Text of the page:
What’s more, this episode is a bold, timely return to Lothal for both Ezra and the show. The planet has been wholly committed to the Imperial war effort and this tiny slice of life on Lothal sheds further light on the state of the galaxy leading up to the events of both A New Hope and Rogue One. The vibe and aesthetic of the Imperial factory is reminiscent of facilities and locations in the Rogue One prequel novel, Catalyst, as well as the Rebels prequel novel A New Dawn and last year’s Battlefront: Twilight Company. The Empire has spent decades taking over planets by surreptitious and downright nefarious means in order to procure the materials needed to build weapons, ships, and most prominently, the Death Star. The consistent theme leading up to Rogue One is a lack of stewardship and caring by the Empire and a commitment to soulless domination and thoughtless exploitation.

While this all might seem like strained exegesis of an episode of Rebels, this reality lies at the heart of why the Ghost crew have joined the Rebellion and why Kallus has become their new Fulcrum. The Rebellion stands as a beacon of hope, a light in the darkness, a chance to find redemption for denizens across the galaxy in the clutches of a cold, dark tyranny. The question is, can Kallus trust the hope offered by the Rebellion, and can the Rebels trust him as a high-ranking defector? While the first heart inclination of a believer in hope and grace is to trust, it remains to be seen if the Rebels can risk to trust someone who could hurt them so badly if his defection turns out to be a ruse. Only time and more episodes will tell, but this episode certainly has us all intrigued to see more.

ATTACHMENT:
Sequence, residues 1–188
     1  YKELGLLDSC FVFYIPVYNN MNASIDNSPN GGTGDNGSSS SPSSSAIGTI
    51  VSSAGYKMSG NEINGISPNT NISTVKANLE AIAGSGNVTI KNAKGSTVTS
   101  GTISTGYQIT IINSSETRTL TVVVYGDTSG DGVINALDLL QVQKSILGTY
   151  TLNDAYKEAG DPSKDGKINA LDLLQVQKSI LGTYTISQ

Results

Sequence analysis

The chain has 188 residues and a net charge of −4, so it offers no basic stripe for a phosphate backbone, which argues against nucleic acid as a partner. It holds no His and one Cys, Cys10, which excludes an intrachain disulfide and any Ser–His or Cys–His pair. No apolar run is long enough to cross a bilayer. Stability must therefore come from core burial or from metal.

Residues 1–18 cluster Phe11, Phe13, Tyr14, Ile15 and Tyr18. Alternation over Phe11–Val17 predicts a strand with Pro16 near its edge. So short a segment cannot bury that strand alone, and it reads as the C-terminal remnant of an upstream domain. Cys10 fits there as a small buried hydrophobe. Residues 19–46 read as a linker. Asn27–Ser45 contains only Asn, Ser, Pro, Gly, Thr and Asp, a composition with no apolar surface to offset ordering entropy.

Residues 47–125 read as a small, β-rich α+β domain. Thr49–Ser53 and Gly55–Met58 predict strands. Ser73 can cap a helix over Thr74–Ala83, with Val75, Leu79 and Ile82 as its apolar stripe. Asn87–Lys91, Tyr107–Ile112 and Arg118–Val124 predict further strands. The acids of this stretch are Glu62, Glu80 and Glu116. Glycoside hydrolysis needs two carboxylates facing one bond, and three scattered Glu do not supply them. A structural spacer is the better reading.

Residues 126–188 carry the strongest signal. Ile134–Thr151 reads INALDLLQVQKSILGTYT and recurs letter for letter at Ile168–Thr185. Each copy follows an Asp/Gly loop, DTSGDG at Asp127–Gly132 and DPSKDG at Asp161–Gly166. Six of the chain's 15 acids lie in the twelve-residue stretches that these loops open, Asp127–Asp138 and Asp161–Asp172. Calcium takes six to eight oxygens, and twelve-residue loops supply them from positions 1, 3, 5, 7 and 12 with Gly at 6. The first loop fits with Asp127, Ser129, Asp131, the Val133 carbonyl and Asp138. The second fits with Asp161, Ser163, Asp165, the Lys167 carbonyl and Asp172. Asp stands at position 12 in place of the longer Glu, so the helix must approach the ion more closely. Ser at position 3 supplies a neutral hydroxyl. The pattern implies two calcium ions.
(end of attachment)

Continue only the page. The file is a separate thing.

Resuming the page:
[divider top=”no”]

Rebels Debrief

Star Wars Rebels is a family show. Parents love watching as much as their kids. Infusing the spiritual with the fantastic and adventurous, Rebels continues the spirit of what makes Star Wars great. In order to foster the young minds and hearts of your Reel World Theologians, each week there are questions you can use during or after the show to talk about with your kids. Enjoy the show and then enjoy conversation, but always remember that story is powerful and Star Wars Rebels is not mindless.

  • Would you trust Agent Kallus? Why or why not? What has he done to prove trustworthy or untrustworthy?
  • Do our actions truly speak louder than our words? Can someone who has done bad things be trusted in the future?
  • How has Ezra changed since he was last on Lothal? Would have he tried to stop Morad’s death last season or before? Why didn’t he stop it now?

[divider top=”no”]

Rebels Trivia

  • Notice anything familiar about the uniforms and numbered identifications of the Imperial factory workers on Lothal? If you have seen Geroge Lucas’ THX-1138, you will notice a striking resemblance in style. The Rebels production team has stated the Imperial factory is heavily influenced by the maker’s very first feature-length film.
  • That new, mysterious TIE Fighter? None other than the TIE Defender from the X-Wing series of video games and my favorite ship to produce in the RTS video game Star Wars Rebellion when playing as the Imperials. Shielded like an X-Wing, sporting six laser cannons, and a hyperdrive, the TIE Defender packed a serious punch. No wonder Hera was frightened of these being mass produced by the Empire!
  • Ryder Azadi, who we haven’t seen since the Season 2 midseason finale, returns as the new leader of the resistance on Lothal since the Ghost crew left. He may sound incredibly familiar, as he is voiced by Clancy Brown, whose voice is well-known as Mr. Krabs on Spongebob Squarepants.


Great review, Joshua, and I especially love the discussion questions! I recognized Clancy Brown’s voice from his work as Lex Luthor in the DCAU… did not know he was also Mr. Krabs, but now, I can certainly hear it!

I think you are right about the theme you highlight. I’d also add there’s a theme of people not paying attention to what they are losing, especially in “Catalyst.” In that novel, the Republic, at the book’s beginning, is already the Empire in all but name.

Leave a Reply

Your email address will not be published. Required fields are marked *